In Contemporary Mormon Pageantry, theater scholar Megan Sanborn Jones looks at Mormon pageants, outdoor theatrical productions that celebrate church theology, reenact church history, and bring to life stories from the Book of Mormon. She examines four annual pageants in the United States-the Hill Cumorah Pageant in upstate New York, the Manti Pageant in Utah, the Nauvoo Pageant in Illinois, and the Mesa Easter Pageant in Arizona. The nature and extravagance of the pageants vary by location, with some live orchestras, dancing, and hundreds of costumed performers, mostly local church members. Based on deep historical research and enhanced by the author's interviews with pageant producers and cast members as well as the author's own experiences as a participant-observer, the book reveals the strategies by which these pageants resurrect the Mormon past on stage. Jones analyzes the place of the productions within the American theatrical landscape and draws connections between the Latter-day Saints theology of the redemption of the dead and Mormon pageantry in the three related sites of sacred space, participation, and spectatorship. Using a combination of religious and performance theory, Jones demonstrates that Mormon pageantry is a rich and complex site of engagement between theater, theology, and praxis that explores the saving power of performance.
Eugene England championed an optimistic Mormon faith open to liberalizing ideas from American culture. At the same time, he remained devoted to a conservative Mormonism that he saw as a vehicle for progress even as it narrowed the range of acceptable belief.
Kristine L. Haglund views England’s writing through the tensions produced by his often-opposed intellectual and spiritual commitments. Though labeled a liberal, England had a traditional Latter-day Saint background and always sought to address fundamental questions in Mormon terms. His intellectually adventurous essays sometimes put him at odds with Church authorities and fellow believers. But he also influenced a generation of thinkers and cofounded Dialogue, a Mormon academic and literary journal acclaimed for the broad range of its thought.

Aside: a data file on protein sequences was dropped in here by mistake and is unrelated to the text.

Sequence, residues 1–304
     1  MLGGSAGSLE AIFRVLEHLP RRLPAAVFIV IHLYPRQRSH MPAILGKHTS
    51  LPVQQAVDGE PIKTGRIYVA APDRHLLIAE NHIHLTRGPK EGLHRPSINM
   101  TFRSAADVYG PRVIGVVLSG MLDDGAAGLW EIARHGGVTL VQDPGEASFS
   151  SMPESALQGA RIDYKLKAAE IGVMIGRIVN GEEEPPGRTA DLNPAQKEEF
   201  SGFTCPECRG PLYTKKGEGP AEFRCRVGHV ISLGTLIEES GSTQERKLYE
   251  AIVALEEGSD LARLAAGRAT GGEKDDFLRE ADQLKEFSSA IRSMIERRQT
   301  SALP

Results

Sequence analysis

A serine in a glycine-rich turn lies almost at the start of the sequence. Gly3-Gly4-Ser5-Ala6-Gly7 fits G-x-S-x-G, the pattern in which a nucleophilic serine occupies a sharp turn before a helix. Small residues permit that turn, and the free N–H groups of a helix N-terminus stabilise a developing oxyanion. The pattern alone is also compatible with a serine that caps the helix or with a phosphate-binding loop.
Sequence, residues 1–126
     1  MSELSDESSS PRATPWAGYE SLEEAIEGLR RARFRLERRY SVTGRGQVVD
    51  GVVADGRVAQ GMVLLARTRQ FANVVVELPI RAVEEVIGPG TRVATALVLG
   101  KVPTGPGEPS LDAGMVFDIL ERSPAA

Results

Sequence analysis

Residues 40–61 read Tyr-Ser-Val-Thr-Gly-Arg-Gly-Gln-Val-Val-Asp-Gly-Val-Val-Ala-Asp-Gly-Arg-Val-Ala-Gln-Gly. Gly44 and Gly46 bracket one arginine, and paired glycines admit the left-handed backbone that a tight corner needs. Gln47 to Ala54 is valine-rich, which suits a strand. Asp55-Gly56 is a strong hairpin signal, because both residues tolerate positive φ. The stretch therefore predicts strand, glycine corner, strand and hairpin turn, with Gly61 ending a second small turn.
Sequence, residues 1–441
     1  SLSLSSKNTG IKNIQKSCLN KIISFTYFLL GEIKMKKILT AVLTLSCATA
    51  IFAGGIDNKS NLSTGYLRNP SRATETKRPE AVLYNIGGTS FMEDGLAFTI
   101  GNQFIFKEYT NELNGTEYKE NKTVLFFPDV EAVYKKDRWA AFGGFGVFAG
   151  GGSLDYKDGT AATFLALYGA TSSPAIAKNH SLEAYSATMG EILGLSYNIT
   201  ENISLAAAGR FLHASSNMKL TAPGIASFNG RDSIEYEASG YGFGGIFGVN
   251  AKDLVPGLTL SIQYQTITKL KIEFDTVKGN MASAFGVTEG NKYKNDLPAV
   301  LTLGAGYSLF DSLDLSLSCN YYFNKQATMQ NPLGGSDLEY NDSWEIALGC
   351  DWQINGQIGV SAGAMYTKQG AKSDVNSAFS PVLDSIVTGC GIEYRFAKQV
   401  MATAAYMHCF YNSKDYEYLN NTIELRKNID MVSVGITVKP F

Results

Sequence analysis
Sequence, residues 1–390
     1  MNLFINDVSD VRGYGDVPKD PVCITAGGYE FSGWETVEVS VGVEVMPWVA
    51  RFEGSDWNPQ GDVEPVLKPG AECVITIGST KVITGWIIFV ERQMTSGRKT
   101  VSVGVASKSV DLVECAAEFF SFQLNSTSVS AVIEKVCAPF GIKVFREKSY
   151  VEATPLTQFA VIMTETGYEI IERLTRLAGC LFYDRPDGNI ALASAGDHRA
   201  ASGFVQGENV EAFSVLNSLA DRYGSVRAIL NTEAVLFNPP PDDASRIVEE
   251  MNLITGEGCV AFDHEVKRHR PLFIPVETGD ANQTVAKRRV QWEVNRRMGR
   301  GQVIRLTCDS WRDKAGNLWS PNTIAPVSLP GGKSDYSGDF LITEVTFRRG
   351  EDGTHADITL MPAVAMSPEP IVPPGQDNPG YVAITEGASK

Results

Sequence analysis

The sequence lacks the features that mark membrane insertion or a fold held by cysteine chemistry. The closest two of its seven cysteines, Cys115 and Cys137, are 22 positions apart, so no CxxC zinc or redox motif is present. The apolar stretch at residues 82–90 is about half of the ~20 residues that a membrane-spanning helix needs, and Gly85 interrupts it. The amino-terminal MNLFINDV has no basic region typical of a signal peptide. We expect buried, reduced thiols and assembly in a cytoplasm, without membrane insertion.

A fascinating portrait of a Mormon intellectual and his times, Eugene England reveals a believing scholar who emerged from the lived experiences of his faith to engage with the changes roiling Mormonism in the twentieth century.
The central issue Bush finds in these works is how their authors have dealt with the authority of Mormon Church leaders. As she puts it in her preface, "I use the phrase 'faithful transgression' to describe moments in the texts when each writer, explicitly or implicitly, commits herself in writing to trust her own ideas and authority over official religious authority while also conceiving of and depicting herself to be a 'faithful' member of the Church." Bush recognizes her book as her own act of faithful transgression. Writing it involved wrestling, she states, "with my own deeply ingrained religious beliefs and my equally compelling education in feminist theories that mean to liberate and empower women."
Faithful Transgressions examines a remarkable group of authors and their highly readable and entertaining books. In producing the first significant book-length study of Mormon women's autobiographical writing, Bush rides a wave of memoir publishing and academic interest in autobiography and other life narratives. As she elucidates these works in relation to the religious tradition that played a major role in shaping them, she not only positions them in relation to feminist theory and current work on women's life writings but ties them to the long literary tradition of spiritual autobiography.